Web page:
A few days ago, I was sitting on the porch with Jeannine, enjoying breakfast in the cool morning air, when she mentioned that it might be fun to go sometime to the new Howard Pyle exhibit at the Norman Rockwell Museum. My interest was piqued -- I've always loved Pyle's work, especially his illustrations of Robin Hood. Given that I had nothing particular planned for the day, I suggested that we not wait, and go that day, and she agreed.
The show was great -- many of Pyle's original oil paintings were on display, as well as some watercolors and a goodly number of his black and white ink drawings. One of the paintings -- I think it's titled "The Mermaid" -- is one of Pyle's best-known works and one I have seen reproduced many times in books and on prints and posters.
However, it was not until I got close up to the painting that I noticed a really nice detail…
… clinging to a rock under the crashing surf is a little crab.
I am so used to thinking of beautiful color when considering the work of Howard Pyle that this painting, an illustration from an edition of the works of Nathaniel Hawthorne, surprised me with its monochromatic look.
I was also struck by the way Pyle had rendered the giant in such a way as to emphasize his great size by painting him in soft, almost cloudy tones, as if seen from a great distance through the haze of intervening air, while the human in the lower left is rendered in harsher, more solid shapes and tones.
The influence of Pyle on the later works of Frank Farazetta is clear to me in this closeup detail of that human figure… it puts me in mind of a number of the cavemen which Frazetta painted.
There were many pieces which dealt with scenes set on or near the ocean, but I think my favorite was this one, an illustration of the "Flying Dutchman" from a story in Harper's Monthly Magazine. I love the way Pyle achieved the look of the foam on the ocean's surface in this watercolor… and the composition is brilliant.
I really enjoyed the show, but I have to mention two things which caught my eye, two silly mistakes that struck me as pretty obvious… and made me wonder about the process of putting together shows of this nature.
The mistakes were on two "tombstones", those descriptive cards which accompany the pieces hung on the walls and also those in display cases. One of them was for a print by another artist, something which had inspired Pyle. As I read the card, I noticed this mistake:
… the unnecessary repetition of the word "the".
Moving into another gallery (if I am remembering correctly, the show occupied four rooms in the museum), I was looking at some examples of books with Japanese prints in them from which Pyle had derived some inspiration, when I noticed the following:
Obviously, the word "extensive" should have been followed by another word like "collection" or "library".
As we were leaving the museum, I spoke to a woman at the front desk and told her about these two errors. She listened to me politely and seemed to be somewhat concerned, but also said she didn't know if they could be corrected, as the show had come from another museum, and the cards belonged to that museum.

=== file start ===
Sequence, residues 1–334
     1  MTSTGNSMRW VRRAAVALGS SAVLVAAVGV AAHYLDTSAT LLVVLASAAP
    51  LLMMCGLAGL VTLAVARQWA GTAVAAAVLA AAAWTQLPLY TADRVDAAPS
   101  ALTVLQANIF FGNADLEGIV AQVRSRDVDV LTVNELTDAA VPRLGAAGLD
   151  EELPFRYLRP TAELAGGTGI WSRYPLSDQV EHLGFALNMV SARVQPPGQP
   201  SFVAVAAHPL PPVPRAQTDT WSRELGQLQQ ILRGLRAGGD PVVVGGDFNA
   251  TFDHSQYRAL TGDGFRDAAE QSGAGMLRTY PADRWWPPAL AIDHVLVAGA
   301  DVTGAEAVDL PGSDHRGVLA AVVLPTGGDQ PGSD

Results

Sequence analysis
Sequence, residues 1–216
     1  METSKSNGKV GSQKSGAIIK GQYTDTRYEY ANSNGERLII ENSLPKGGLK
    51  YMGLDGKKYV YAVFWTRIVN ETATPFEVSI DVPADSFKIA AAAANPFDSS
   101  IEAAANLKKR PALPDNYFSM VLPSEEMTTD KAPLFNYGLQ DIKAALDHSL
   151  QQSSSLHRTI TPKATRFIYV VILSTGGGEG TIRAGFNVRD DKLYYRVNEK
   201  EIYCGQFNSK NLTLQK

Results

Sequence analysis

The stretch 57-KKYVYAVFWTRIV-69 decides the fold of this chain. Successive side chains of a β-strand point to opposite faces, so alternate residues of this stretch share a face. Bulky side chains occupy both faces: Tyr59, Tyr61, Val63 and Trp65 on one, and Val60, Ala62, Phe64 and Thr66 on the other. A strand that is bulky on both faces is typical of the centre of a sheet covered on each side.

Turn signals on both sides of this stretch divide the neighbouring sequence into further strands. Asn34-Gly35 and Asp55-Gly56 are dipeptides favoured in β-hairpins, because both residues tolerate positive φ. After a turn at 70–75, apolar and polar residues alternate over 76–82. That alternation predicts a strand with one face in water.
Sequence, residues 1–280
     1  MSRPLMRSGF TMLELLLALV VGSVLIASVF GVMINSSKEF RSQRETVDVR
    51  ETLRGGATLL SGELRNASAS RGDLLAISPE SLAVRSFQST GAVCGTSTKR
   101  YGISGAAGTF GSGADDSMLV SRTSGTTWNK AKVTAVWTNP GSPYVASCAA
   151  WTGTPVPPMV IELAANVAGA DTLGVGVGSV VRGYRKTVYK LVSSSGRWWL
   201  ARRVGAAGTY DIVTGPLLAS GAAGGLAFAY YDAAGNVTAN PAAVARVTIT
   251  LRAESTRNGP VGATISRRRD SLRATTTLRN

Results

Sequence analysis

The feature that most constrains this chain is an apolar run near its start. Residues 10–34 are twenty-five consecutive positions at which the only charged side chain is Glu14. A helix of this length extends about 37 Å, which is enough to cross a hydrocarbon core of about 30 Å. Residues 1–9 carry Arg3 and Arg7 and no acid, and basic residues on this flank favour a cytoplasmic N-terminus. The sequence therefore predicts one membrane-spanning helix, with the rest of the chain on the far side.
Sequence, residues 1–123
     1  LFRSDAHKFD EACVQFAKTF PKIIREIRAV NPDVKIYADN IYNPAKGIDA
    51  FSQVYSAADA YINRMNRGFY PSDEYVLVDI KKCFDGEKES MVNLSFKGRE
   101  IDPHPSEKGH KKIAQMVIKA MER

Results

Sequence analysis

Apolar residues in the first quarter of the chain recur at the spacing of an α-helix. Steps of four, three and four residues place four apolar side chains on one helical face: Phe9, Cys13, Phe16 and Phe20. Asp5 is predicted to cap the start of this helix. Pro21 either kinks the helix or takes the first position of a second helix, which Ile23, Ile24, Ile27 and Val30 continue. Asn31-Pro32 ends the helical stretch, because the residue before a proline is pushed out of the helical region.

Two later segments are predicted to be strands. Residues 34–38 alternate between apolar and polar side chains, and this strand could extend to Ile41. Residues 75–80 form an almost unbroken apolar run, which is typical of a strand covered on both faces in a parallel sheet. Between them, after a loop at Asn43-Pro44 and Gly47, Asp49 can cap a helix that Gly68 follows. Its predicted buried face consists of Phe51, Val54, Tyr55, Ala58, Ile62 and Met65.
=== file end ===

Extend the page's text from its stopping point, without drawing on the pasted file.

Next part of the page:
So how did these mistakes survive through one exhibition and into another? It seems pretty absurd to me that such obvious errors could not be caught with even slightly careful proofreading. I am pretty certain that I am not the only person who noticed these things, so it is pretty likely that in the show's previous incarnation someone MUST have mentioned them. So why no corrections? I know it's a minor point (or two minor points), but it seems to me that when you are putting on an important show of a major artist like this, you would want to have it as perfect as humanly possible.
Having enjoyed the show, and beginning to feel slightly peckish, Jeannine and I considered our food options. We checked out the Rockwell Museum's cafe, which was a pleasant space but only stocked with pre-made sandwiches, most of which had some variety of (gag!) mayonnaise slathered on them. Then Jeannine remembered something from our last trip to the Rockwell -- on a whim, I'd taken the road from the museum in the southerly direction, to see where it went, and as it turned out, it took us to Great Barrington, not far from one of our favorite restaurants, Xicoh Ten Catl.
The idea of fresh, delicious Mexican food won out over stale mayonnaise-ridden offerings, so off we went. Xicoh Ten Catl did not disappoint -- we got a table outside on their shady porch, the air was slightly cool and soft, and the simple meals we ordered (a vegetarian burrita for Jeannine, the chicken version for me) were just perfect.
We followed the meal with a casual stroll around downtown Great Barrington, doing a little shopping, and then headed home, with one more stop in Hinsdale for a soft ice cream. Not a bad day. -- PL